JS1101 Content post
Name: Loh Ling Yin Queenie
Tutor: Tobias Fong
The Japanese Obentō- Not Your Average Lunchbox
The obentō, a common boxed meal in Japan, is known to be appetizing, nutritious and highly convenient. There are many types of obentōs in Japan, each with its own ascribed purpose and setting. This post will focus on the obentō made by Japanese mothers for their children’s school lunches. While this obentō is understood to be the Japanese version of the universal ‘lunchbox’, it is in fact laden with meanings beyond mere practicality, performing functions that are more far-reaching than its counterparts. That is not to say, however, that it stands alone in exclusive uniqueness. Admittedly, some of the points that will be raised are also observed in other cultures. My argument, however is that the Japanese obentō itself is an entity that performs multifarious roles in the Japanese society. It is ideologically driven, centred on the education of the child and inadvertently used as the measure of a mother’s commitment (Allison, 1991).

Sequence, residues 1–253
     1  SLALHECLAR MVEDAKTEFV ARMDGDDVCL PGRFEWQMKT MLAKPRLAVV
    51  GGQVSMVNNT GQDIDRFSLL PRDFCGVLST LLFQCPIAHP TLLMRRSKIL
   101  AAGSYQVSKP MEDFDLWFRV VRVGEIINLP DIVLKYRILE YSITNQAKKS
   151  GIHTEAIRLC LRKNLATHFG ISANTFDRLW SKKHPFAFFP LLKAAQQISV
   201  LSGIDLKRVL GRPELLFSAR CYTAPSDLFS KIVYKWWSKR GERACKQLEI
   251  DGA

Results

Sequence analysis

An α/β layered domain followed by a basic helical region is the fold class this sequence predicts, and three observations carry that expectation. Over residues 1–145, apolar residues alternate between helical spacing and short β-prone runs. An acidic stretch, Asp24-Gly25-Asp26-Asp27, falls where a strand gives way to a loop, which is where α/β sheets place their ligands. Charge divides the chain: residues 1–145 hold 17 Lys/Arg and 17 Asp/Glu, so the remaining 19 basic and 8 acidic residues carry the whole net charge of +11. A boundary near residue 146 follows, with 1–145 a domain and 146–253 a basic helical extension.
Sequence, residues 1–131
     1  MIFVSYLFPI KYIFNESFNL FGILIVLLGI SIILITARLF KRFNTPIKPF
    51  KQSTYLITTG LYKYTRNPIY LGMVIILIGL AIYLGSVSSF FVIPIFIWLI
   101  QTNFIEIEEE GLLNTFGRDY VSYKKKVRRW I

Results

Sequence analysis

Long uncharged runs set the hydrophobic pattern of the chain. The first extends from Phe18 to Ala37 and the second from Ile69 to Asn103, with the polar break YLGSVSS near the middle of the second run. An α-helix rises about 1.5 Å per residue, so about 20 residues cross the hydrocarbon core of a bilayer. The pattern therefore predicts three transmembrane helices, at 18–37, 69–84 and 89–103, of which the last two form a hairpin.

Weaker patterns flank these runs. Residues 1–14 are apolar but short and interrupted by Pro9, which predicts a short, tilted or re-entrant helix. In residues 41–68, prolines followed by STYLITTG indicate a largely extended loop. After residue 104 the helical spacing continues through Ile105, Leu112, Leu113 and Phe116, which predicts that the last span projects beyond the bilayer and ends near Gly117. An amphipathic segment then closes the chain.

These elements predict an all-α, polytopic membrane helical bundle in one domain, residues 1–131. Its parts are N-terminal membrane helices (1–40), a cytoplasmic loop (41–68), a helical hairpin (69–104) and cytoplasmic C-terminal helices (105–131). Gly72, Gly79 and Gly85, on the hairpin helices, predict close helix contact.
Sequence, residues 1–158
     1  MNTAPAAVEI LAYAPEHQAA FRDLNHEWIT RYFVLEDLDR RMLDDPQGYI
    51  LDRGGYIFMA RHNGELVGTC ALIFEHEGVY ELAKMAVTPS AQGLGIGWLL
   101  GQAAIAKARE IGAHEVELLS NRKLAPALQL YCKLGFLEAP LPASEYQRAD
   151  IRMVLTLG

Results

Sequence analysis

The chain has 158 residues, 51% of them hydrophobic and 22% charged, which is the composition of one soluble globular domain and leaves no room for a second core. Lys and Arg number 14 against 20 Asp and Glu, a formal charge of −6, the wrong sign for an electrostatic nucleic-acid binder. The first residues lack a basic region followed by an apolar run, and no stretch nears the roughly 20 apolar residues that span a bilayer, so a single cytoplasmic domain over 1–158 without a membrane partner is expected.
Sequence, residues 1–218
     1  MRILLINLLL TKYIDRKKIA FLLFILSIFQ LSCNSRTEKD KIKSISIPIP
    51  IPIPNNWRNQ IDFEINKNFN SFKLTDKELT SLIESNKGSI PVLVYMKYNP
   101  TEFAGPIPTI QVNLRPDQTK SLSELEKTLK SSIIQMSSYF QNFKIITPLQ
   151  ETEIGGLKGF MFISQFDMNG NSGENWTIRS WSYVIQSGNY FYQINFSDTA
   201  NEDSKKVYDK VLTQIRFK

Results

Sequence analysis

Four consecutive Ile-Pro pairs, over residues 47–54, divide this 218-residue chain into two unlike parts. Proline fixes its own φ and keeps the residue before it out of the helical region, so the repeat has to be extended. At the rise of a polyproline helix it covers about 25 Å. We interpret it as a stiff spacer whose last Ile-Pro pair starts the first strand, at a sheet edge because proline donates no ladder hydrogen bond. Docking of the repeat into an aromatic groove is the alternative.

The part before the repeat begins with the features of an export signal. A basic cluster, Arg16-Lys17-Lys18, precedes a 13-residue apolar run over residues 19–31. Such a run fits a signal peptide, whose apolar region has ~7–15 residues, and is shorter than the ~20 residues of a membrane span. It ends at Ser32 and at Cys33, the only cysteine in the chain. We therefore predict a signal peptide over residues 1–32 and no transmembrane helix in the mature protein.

Firstly, the obentō is featured heavily in the countrywide move to institute shokuiku, ‘food education’ in schools. According to the Basic…show more content… The onigiri, meaning ‘to hold’, is a common fixture of the obentō, and Japanese Chef Shuko Oda eloquently equates it to ‘the warmth of your mother’s hand’ (Oda, 2014). The love that is invested in making the obentō also takes on a visual quality, as seen in the aesthetically pleasing presentation of food in obentōs, the result of the long laborious hours put in by mothers. By thinking of her child’s joy in consuming the obentō, a mother is better able to inject her love into her preparation (Peak, 1993). Love is also expressed in a mother’s skilful disguising of the food that her child dislikes, such as carrots (Allison, 1991), as it reflects well upon her concern for her child’s long-term well